Designing Climate Policy

The Challenge of the Kyoto Protocol

© ACCC, edited by H. Abele, Th. C. Heller, St. Schleicher

The Kyoto Protocol is an outstanding landmark on a long journey to fight climate change.
This volume is intended to facilitate identifying dead ends in the search for a global climate change. The papers originate from a joint conference of the European Union and the United States in September 1998 in Semmering, Austria.

Following the abstracts of the papers are available. The publication can be ordered at



On the route from Kyoto

Joanna Depledge, UNFCCC Secretariat Bonn

In December 1997 over 160 Parties to the UN Framework Convention on Climate Change (UNFCCC) decided, by consensus, to adopt the Kyoto Protocol. The Protocol was opened for signature on 16 March 1998 to 15 March 1999. When negotiators emerged from the exhaustion and excitement of Kyoto they began to realize how much the negotiations had left unresolved and how many decisions had been pushed back to future meetings.The aim of this paper is to illuminate some of the open questions of the Kyoto Protocol.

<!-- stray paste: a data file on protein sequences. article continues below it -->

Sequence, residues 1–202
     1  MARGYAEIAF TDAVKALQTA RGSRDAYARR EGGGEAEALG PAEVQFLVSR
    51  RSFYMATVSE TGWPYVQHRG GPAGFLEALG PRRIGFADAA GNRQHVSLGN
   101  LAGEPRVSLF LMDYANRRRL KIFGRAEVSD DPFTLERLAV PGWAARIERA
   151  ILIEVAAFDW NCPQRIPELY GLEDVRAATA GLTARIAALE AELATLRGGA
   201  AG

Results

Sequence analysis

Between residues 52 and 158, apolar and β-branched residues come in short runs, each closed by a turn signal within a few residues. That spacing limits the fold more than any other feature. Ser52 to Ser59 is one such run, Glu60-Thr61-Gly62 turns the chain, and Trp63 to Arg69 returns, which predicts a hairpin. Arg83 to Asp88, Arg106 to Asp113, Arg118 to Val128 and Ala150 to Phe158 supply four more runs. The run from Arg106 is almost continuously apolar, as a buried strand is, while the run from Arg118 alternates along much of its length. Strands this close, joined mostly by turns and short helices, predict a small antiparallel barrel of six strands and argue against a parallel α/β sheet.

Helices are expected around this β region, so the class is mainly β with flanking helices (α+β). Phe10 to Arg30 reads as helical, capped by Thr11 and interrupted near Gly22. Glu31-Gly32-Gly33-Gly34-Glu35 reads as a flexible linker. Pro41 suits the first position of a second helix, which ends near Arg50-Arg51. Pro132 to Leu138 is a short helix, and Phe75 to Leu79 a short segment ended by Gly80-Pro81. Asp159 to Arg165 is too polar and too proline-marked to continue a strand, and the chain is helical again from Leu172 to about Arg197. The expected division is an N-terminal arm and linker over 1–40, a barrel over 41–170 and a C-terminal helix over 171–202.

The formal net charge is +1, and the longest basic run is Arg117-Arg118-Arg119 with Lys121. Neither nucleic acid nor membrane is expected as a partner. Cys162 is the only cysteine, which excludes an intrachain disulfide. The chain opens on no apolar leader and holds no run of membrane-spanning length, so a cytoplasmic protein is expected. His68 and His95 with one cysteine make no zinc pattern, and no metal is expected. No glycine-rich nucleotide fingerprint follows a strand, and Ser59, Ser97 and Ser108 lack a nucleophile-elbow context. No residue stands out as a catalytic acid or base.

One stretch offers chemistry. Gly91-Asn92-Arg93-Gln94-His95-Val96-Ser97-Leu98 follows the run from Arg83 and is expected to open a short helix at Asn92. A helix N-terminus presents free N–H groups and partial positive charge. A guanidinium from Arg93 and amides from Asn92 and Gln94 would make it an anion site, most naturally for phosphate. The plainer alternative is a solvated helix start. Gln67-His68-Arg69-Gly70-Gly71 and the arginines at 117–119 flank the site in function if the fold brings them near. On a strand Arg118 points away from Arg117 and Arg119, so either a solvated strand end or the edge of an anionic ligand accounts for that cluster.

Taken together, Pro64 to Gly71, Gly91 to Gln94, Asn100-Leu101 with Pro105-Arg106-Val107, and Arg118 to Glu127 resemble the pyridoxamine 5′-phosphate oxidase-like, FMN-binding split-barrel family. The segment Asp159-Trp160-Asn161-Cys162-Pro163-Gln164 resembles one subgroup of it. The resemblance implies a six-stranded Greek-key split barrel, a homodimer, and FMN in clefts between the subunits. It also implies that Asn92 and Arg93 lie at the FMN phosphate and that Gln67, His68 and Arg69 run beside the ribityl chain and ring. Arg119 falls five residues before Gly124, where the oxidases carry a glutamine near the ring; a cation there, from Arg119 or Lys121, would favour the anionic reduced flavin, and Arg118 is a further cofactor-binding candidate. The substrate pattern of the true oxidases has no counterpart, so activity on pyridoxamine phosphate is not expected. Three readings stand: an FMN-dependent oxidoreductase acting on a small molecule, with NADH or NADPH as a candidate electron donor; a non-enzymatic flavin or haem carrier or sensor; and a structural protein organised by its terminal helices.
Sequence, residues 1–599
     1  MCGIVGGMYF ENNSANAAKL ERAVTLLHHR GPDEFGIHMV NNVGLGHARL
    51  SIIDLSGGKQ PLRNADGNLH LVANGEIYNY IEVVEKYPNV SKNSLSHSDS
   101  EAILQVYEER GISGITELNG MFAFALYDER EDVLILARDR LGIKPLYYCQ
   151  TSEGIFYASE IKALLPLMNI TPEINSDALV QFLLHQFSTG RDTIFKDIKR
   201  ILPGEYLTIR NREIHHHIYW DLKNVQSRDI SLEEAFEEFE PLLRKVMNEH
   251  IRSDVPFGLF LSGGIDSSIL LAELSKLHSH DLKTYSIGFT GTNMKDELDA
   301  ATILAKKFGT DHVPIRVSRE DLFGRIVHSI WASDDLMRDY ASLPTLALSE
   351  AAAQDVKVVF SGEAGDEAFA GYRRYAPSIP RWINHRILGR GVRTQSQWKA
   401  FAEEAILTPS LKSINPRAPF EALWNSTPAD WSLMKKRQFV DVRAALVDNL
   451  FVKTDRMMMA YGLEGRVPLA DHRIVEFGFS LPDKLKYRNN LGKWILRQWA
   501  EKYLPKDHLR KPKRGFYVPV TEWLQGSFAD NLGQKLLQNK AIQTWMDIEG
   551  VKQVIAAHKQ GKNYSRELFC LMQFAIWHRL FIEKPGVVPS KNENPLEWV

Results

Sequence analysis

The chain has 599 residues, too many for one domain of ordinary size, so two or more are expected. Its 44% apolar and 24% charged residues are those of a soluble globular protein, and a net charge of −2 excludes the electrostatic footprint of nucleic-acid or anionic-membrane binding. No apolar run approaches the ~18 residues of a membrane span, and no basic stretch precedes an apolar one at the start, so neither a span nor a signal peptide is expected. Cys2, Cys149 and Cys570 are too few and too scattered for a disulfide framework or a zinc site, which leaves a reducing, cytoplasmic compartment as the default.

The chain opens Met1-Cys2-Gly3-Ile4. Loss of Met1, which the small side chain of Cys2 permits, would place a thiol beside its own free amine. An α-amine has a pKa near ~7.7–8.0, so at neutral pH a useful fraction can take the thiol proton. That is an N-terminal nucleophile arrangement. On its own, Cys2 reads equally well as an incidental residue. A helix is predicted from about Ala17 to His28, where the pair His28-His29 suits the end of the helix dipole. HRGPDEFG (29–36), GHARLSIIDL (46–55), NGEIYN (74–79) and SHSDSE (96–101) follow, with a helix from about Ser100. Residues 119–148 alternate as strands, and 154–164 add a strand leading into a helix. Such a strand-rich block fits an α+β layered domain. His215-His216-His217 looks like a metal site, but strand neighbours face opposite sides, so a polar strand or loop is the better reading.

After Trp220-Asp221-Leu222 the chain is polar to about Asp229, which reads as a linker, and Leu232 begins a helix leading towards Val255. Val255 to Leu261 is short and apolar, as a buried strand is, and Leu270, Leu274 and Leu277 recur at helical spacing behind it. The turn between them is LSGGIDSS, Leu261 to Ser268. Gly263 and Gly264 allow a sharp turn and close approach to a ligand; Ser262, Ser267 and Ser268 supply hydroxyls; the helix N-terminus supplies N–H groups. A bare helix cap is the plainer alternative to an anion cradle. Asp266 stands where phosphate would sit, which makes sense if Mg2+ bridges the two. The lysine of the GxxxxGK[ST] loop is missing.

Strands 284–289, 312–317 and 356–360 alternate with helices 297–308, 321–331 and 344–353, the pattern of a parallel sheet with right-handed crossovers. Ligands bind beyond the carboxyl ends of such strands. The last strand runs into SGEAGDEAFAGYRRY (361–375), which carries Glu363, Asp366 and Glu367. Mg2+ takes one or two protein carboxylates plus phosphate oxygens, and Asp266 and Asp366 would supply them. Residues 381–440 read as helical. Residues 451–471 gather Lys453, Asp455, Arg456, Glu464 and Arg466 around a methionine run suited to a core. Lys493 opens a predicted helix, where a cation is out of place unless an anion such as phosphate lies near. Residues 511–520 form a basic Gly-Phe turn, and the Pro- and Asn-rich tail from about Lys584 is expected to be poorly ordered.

Following 3 key issues are discussed:

  • the mechanisms for flexibility (Joint Implementation, Clean Development mechanism and Emission Trading)
  • the mechanisms for credibility (The fate of the flexibility mechanisms depends largely on "credibility mechanisms": They include measurement and reporting, monitoring an verification, and non compliance) and
  • the impacts of climate change and mitigation measures

Additionally, this paper examines the institutional and organisational framework for the implementation of the Kyoto Protocol.



The Climate for Greenhouse Policy in the U.S. and the Incorporation of Uncertainties into Integrated Assessments

Stephen H. Schneider, Department of Biological Sciences , Stanford University

In the U.S. there is a rich debate over a range of climate policies among the business, academic and government analytic communities. U.S. Policy circles are enamored with cost/benefit analysis via integrated assessment models.